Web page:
Morning Reads

Good morning! Happy Statehood Day to our friends in California, and happy Chrysanthemum Day to everyone in Japan!

Stat of the day: 65.1 percent — the likelihood of Republicans taking over the Senate in November, according to Nate Silver’s forecasting model.

Bad record to break –> Reuters reports that the World Meteorological Organization announced today that a surge in carbon dioxide resulted in atmospheric concentrations growing last year “at the fastest rate since reliable global records began.” “We are running out of time,” said the organization’s chief.

To the point of death” –> As the Senate prepares to release its report on CIA interrogations during the Bush era, Peter Foster reports for The Telegraph that “the torture meted out to at least two leading al-Qaeda suspects, including Khalid Sheikh Mohammed, far exceeds the conventional understanding of waterboarding.”

The perils of standing while Hispanic in the Bronx” –> The Atlantic’s Conor Friedersdorf looks at a now-viral video showing a number of NYPD officers taking turns beating a young man who had the temerity to ask why he had been stopped and searched.

Fearmongering works –> At The Intercept, Glenn Greenwald notes that many Americans are now worried that there are ISIS “sleeper cells” in the US, and support for military action overseas has increased dramatically.

Someone is lying” –> Newly leaked video of Baltimore Ravens running back Ray Rice punching his then-fiancée Janay Palmer led the team to cancel his contract and the league to suspend him indefinitely. But Deadspin’s Barry Petchesky writes that the NFL’s latest public statements about the video don’t match up with what previously was reported. AND: In case you didn’t find the affair sufficiently appalling, Ashe Schow reports for The Washington Examiner that the New Jersey prosecutor who gave Rice an easy plea bargain “is now trying to throw the book at a young mother of two who tried to protect herself and her family from violence.”

Rebranding effort –> WaPo’s Matea Gold and Tom Hamburger report that Koch Industries “is adopting a more visible strategy to neutralize critics on the left and promote a warm, patriotic image of its multinational empire.”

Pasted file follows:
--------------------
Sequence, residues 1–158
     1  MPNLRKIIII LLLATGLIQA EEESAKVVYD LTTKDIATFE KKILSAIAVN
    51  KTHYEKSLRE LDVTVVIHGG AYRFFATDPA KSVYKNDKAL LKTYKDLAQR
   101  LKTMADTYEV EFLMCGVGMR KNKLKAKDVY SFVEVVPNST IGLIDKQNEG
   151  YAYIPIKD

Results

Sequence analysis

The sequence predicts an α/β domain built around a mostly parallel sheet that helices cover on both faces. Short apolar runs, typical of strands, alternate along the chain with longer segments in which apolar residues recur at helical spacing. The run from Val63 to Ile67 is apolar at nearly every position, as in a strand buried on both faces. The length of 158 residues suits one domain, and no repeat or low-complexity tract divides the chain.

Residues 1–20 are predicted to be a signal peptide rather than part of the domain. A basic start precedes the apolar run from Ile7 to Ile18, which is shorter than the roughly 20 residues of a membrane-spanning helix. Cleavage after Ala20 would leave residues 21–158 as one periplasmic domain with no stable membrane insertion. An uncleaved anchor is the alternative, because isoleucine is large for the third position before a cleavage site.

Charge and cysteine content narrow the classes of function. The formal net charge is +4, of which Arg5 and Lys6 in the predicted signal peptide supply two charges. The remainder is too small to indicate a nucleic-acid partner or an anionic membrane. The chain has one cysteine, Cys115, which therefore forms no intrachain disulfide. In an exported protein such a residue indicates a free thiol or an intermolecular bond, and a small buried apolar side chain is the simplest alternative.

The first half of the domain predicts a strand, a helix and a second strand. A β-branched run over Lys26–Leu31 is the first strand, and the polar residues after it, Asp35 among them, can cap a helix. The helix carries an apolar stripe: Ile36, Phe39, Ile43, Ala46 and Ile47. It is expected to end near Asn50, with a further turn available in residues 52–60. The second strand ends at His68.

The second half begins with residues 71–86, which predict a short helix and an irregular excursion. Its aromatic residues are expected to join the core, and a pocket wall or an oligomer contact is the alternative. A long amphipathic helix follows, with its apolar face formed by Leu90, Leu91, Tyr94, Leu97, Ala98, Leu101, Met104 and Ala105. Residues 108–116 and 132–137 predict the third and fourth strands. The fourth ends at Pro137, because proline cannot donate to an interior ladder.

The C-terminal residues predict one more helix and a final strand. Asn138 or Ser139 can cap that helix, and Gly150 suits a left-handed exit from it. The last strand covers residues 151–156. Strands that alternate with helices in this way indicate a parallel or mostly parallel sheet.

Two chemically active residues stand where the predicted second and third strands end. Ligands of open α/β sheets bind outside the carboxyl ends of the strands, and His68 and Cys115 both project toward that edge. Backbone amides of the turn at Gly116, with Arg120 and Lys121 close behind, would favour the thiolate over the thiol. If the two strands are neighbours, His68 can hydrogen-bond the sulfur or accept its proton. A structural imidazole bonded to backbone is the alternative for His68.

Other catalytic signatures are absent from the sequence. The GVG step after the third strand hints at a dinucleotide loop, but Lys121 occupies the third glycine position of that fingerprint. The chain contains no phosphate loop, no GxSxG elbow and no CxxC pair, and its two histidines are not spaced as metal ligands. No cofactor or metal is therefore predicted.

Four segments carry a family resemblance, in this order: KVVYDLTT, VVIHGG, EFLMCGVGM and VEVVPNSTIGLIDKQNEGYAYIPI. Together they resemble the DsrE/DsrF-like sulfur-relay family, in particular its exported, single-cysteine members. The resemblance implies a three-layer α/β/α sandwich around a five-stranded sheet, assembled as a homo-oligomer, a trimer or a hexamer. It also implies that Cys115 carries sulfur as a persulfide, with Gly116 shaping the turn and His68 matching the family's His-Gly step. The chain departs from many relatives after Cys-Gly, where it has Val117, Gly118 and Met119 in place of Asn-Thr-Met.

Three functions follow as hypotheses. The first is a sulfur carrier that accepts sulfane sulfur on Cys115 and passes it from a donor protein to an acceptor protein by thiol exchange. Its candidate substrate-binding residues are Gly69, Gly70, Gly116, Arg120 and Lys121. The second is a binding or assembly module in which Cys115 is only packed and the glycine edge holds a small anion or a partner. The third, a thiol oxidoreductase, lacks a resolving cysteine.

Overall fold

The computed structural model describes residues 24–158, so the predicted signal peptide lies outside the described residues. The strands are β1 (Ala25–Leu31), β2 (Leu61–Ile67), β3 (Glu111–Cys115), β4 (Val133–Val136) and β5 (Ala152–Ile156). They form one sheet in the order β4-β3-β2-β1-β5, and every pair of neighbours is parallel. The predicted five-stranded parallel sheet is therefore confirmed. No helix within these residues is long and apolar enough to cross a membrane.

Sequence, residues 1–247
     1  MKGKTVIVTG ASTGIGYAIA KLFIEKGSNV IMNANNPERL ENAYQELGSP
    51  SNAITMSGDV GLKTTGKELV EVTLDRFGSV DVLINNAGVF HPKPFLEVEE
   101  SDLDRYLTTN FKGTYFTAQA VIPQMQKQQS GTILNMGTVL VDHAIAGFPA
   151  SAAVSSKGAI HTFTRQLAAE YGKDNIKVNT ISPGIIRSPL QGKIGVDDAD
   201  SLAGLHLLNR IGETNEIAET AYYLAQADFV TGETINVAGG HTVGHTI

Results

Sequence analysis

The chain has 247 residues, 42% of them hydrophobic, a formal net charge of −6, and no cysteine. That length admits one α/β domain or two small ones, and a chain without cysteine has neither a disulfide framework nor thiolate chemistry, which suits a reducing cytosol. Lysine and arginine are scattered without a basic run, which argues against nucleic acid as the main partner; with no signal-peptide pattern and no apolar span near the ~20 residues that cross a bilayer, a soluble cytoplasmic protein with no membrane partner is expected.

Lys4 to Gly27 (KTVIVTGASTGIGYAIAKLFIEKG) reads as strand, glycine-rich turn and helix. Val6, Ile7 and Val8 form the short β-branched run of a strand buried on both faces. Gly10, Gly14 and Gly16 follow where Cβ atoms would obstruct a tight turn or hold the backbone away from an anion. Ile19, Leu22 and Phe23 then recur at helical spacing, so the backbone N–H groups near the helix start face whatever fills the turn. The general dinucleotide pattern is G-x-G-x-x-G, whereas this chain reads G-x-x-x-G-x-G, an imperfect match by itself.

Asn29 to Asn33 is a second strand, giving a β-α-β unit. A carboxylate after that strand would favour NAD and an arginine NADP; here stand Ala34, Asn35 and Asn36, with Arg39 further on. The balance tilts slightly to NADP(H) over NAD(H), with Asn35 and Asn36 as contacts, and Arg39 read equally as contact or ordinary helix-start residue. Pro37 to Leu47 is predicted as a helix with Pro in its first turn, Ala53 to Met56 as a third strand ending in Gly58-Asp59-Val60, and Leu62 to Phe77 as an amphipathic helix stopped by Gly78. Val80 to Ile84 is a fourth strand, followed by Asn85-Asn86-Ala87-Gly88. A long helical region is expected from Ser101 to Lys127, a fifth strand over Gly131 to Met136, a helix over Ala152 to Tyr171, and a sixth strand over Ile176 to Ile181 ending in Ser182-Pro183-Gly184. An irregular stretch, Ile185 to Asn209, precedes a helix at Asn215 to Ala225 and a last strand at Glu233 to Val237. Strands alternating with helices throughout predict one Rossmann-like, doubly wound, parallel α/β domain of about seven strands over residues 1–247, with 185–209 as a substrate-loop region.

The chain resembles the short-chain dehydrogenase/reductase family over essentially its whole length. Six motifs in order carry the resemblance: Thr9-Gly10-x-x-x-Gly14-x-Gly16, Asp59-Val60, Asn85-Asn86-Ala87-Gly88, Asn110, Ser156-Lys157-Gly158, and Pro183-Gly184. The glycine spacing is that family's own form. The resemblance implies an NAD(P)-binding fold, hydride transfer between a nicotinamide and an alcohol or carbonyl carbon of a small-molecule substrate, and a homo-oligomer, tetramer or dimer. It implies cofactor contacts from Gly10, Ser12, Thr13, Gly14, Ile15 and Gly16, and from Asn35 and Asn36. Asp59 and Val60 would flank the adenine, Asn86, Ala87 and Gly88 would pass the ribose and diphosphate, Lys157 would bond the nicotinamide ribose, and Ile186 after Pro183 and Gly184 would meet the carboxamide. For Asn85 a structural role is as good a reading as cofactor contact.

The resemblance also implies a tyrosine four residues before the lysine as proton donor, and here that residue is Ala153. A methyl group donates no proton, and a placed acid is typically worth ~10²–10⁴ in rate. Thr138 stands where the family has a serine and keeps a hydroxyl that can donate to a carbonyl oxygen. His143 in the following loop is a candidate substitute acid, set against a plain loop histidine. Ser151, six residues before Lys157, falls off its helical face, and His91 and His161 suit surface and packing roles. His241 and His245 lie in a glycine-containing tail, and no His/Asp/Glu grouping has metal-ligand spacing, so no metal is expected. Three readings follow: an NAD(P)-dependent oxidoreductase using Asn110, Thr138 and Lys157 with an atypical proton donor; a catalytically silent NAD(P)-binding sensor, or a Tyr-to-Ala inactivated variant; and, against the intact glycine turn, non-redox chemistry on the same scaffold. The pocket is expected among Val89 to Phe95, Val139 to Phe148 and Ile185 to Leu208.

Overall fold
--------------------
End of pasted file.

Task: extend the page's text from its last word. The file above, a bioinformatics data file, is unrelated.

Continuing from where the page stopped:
Standing their ground –> Two activists who blocked a coal ship in Massachusetts defended themselves in court by claiming that their actions were “necessary in light of the imminent threat of climate change.” But the district attorney dropped the charges against them, telling the Boston Globe, “Because of my sympathy with their position, I was in a dilemma… I do believe they’re right, that we’re at a crisis point with climate change.”

Ideology over good governance –> In Virginia, Gov. Terry McAuliffe announced a very modest program to expand health insurance coverage after Republicans succeeded in defeating his efforts to expand Medicaid under Obamacare. The GOP’s prize for their efforts: 175,000 more low-income Virginians without health care.

A great deal has changed in the past two years” –> At The New Yorker, William Finnegan looks behind the scenes at the fast-food strikes — “a new form of labor activism” that sees “dignity” as its primary objective.

Nastygram –> Harvard law prof Lawrence Lessig, the man behind the “super PAC to end all super PACs,” got a nasty email from the Scott Brown Senate campaign, accusing him of dishonesty for calling Brown a “lobbyist” when Brown isn’t registered as such. Lessig shot back with the ‘rose by any other name’ defense, noting that Brown was hired by a boutique lobbying firm to influence Congress. (Earlier this year, Lee Fang reported for The Nation that as few as 12 percent of people in the influence-peddling business are actually registered as lobbyists.)

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